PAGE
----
According to Banarjee, growing competition in various industries such as in retail is expected to lead to higher investments in contact centers, especially at the Asia-Pacific level.

In terms of total number of seats, he noted the contact center industry in Asia-Pacific, which was at about 1.7 million seats in 2008, is projected to grow at a CAGR of 10.5 percent and reach over 3 million seats by 2014.  

Topics: Outsourcing, IT Employment, Tech Industry

About

Loves caption contests, leisurely strolls along supermarket aisles and watching How It's Made. Ryan has covered finance, politics, tech and sports for TV, radio and print. He is also co-author of best seller "Profit from the Panic". Ryan is an editor at ZDNet's Asia/Singapore office.

Kick off your day with ZDNet's daily email newsletter. It's the freshest tech news and opinion, served hot. Get it.

Talkback

4 comments
Log in or register to join the discussion
  • The problem with that is...

    ...few people speak Thai outside of Thailand and I doubt that a lot of Thais are sufficiently proficient in foreign languages. India has an advantage in that nearly every educated Indian is fluent in English.
    John L. Ries
  • Is there room for them all?

    I agree with John, is there enough English speakers in Thailand to service largely english speaking customers? Plus, part of me wonders if there is enough room for everybody in the call centre outsourcing industry? India dominates largely, with other key players being The Phillippines and South Africa - is there enough room for another? Only time will tell us!

    Mel,
    CallCare
    melup
  • There's room for growth in the region

    The article is well written and features interesting comments on Thailand quite prominently.
    I would say that this article is not about comparing Thailand’s Contact Centre market, its potential for growth vis a vis India or Philippines, which are in any case the established leaders in the global CC space. This article is more about highlighting the growth of Thailand’s contact centre usage in the domestic segment (within Thailand contact centres are investing in increasing number of seats and in improving the CC infrastructure).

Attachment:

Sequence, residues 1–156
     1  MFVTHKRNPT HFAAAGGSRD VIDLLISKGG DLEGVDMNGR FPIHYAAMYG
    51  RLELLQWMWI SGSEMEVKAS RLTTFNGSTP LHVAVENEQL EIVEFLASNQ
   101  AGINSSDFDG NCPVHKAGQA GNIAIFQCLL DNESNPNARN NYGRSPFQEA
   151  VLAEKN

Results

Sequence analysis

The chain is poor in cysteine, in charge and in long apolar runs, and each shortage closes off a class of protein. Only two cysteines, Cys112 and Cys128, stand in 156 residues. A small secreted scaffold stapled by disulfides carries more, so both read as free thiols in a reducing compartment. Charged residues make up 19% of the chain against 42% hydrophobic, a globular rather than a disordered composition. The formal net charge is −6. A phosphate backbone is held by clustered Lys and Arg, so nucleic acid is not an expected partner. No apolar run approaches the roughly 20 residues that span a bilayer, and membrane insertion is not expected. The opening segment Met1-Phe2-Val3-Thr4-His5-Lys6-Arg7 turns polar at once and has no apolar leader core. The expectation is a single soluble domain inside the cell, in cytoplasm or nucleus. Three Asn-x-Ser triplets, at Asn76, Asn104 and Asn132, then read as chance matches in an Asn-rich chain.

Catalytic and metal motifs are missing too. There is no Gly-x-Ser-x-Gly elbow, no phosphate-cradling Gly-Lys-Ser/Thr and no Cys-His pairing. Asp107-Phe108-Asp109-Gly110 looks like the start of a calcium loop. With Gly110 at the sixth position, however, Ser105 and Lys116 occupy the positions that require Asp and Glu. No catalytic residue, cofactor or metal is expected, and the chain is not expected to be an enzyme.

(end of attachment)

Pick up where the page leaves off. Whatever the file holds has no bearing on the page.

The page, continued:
On the other hand, Thailand is investing heavily in emerging neighbouring markets like Laos, Cambodia, Myanmar where Thai’s can speak / adapt to local languages (non English) and hence Thailand can have its own growth story to talk about in the CC space in the “regional context”. Hence it is wrong to compare India with Thailand in the context in which this article was written.
    Bryan T. Joseph
  • The ratio is 1-4 in callcenters just as in other business ?

    To put a a call-center in Thailand targeting Sweden, Finland och another small country with its own language, would require an army of Thais working for the company. If 10 native people who speaks a language like finish is to be employed, then 40 Thais who of course don't speak finish or are trained and successful call-center sales persons also have to be employed.

    Thailand could be the perfect country for call-centers targeting foreign markets, if the rules was open thousands of call-centers would be established, without taking a single job for any Thai, on the opposite - creating jobs here and boosting Thailand's economic groth
    kaffeburk